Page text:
Blair & Robertson: A History of the Philippine Islands, vol. 14 (1603 – 1609)

I pore over a list of Itemized Expenditures, 18 August 1608. Most of the items are salaries.

I mean.

No wonder the Fort in Manila was in ruins. No wonder there was never enough ammunition. Even the priests had salaries (“salaries for ecclesiastics”).

Salaried officials:

  • Government officials, alcaldes, and other local officials
  • Government workmen: pilots, sailors, and etc.
  • Ecclesiastics
  • Collectors of tribute
  • Soldiers and their officers
  • Wardens of forts

Meanwhile, the indios were paid nothing for their labor (Who built all those churches? Surely not the salaried officials!)

Stay safe, dear blog readers. Stay safe.

Grimdark: Thoughts on Joe Abercrombie’s A LITTLE HATRED (with Digressions)

Self has no idea why it’s taken her to p. 222 to quote from her current read, A Little Hatred: Book One of the Age of Madness (which is great; her first introduction to the work of Joe Abercrombie) It’s a little unsettling, how fast the days unspool. Can you believe it’s already the end of February? Anyhoo, the weather’s been very fine, it’s not like she has to dig herself out of a snowdrift, and it’s not even like taxes are due (not for another month, anyway), and it’s not like she’s attending AWP. But now that her county’s been bumped down to the red tier, everything feels busy, the sidewalks are full of people, the traffic’s bad, there’s no parking, and she has suddenly remembered things like doctor’s visits.

Tomorrow, for instance, she has a doctor’s appointment at 1:30. She forgot all about the doctor’s appointment until she got a text. And the text said, Feb. 28. She didn’t even know it was possible to get a visual doctor’s appointment on a Sunday. Apparently, you can. It’s an “intake” appointment. Because she signed up for Kaiser.

The last rain of the supposedly “rainy season” happened a week ago, and she’s going to have to water water water the rest of the year, and that puts a serious dent on her time. She’s tried like heck not to buy anything (cause then she has to worry about keeping it alive during the summer and fall), but she went with a friend to a plant nursery, and bought a rose (her friend, whose idea it was to go in the first place, didn’t buy anything, and didn’t even seem all that interested in the plants once we got there). Then self had to buy a trellis because the rose is a climbing rose. Then she had to get someone to help her put in the trellis. And many many hours later, here she is. Meanwhile, her friend who isn’t really interested in gardening has signed up for — of all things, a gardening class! Because she wants to meet people! And people who like plants are good people! Can’t argue with that reasoning!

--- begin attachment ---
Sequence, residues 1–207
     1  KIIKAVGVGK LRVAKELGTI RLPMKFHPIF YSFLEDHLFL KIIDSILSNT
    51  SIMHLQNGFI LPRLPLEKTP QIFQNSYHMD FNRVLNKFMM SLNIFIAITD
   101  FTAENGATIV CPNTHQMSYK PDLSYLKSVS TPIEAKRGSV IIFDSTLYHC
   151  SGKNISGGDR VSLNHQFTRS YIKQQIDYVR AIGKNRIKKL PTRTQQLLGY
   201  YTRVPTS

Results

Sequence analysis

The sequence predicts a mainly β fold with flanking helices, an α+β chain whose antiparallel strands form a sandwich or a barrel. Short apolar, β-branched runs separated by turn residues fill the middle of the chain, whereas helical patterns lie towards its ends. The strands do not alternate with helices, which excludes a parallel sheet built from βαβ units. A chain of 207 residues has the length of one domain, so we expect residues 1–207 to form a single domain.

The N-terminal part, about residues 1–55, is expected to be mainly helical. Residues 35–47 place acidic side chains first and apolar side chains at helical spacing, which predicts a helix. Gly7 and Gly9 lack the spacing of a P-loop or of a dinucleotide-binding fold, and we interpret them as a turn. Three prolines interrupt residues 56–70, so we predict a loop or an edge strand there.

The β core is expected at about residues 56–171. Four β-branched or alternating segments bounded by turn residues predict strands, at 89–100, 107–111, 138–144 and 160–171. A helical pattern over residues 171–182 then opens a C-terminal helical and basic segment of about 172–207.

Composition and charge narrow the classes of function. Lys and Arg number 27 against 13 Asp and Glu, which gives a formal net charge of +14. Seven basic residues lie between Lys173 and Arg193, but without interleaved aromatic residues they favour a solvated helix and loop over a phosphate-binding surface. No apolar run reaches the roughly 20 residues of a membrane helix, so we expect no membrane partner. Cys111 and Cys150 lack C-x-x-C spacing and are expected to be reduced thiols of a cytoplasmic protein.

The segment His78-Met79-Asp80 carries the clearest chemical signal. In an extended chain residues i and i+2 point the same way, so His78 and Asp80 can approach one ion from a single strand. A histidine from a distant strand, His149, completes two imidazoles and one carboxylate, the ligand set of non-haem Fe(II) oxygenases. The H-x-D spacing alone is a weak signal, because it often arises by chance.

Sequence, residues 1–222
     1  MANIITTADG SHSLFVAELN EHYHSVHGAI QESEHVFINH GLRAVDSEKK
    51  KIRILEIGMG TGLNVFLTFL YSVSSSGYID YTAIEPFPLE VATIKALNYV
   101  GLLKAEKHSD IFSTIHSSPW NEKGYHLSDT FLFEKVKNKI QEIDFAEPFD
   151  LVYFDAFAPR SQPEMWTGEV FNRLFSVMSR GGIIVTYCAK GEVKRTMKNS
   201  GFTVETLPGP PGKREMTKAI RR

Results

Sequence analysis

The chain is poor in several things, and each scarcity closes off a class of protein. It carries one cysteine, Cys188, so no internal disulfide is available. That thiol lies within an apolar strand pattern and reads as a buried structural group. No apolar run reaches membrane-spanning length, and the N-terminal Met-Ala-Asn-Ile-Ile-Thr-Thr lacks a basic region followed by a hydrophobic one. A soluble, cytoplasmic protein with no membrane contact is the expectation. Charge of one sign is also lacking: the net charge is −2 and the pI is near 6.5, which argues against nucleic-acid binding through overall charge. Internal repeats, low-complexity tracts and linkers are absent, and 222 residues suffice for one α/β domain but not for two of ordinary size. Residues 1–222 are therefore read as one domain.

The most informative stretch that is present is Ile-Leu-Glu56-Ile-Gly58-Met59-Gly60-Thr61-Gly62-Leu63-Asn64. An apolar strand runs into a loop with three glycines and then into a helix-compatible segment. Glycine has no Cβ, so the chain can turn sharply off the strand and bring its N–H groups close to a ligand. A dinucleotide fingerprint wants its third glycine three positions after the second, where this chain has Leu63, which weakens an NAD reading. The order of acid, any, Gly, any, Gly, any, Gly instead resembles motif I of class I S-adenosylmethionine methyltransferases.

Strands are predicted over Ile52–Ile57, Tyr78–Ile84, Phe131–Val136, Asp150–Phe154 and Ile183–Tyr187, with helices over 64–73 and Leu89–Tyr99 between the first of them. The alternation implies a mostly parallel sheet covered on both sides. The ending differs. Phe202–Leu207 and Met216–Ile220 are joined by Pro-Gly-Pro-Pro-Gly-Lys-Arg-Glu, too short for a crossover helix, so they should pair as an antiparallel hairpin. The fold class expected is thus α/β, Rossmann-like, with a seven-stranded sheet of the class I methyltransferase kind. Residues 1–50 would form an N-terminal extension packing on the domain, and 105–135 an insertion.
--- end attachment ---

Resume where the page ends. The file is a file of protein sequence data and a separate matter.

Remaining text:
The rose self bought has a very cool name:

Let’s see, what was self going to post about? Oh yes. A Little Hatred.

There are almost a hundred characters in this book. And many warring factions. At first, self was constantly having to match character with faction by looking up the helpful index at the back of the book, but that was taking away from her enjoyment of the act of reading. The minute she started really getting into this world was when she stopped referring to the index. And, just like that, characters swam effortlessly to the front of her consciousness. Characters like Rikke, who has what is called The Long Eye (meaning, the gift of sight, though all she’s seen so far is a war between a wolf and a lion), and The Young Lion Leo van Brock (Ooh, Rikke’s prediction of a war! The wolf wins, but the Lion is the victor. Try making sense of that!), and a spoiled prince named Orso, and the prince’s (secret) lover Savine, who is the richest businesswoman in Angland, the Union, the Protectorate etc etc, and a traitorous character named Vick whose sidekick is a very gauche (but maybe not as gauche as Vick thinks) young man named Tallow.